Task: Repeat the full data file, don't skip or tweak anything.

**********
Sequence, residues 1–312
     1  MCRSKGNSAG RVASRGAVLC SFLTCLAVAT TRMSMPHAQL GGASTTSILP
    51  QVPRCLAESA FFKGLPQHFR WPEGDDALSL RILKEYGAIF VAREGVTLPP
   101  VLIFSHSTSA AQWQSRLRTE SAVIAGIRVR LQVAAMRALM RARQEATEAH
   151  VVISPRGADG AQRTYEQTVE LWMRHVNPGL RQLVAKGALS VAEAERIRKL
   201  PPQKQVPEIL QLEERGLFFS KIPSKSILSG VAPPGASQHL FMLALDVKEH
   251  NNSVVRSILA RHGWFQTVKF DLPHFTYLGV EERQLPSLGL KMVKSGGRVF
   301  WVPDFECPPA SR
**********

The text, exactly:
Sequence, residues 1–312
     1  MCRSKGNSAG RVASRGAVLC SFLTCLAVAT TRMSMPHAQL GGASTTSILP
    51  QVPRCLAESA FFKGLPQHFR WPEGDDALSL RILKEYGAIF VAREGVTLPP
   101  VLIFSHSTSA AQWQSRLRTE SAVIAGIRVR LQVAAMRALM RARQEATEAH
   151  VVISPRGADG AQRTYEQTVE LWMRHVNPGL RQLVAKGALS VAEAERIRKL
   201  PPQKQVPEIL QLEERGLFFS KIPSKSILSG VAPPGASQHL FMLALDVKEH
   251  NNSVVRSILA RHGWFQTVKF DLPHFTYLGV EERQLPSLGL KMVKSGGRVF
   301  WVPDFECPPA SR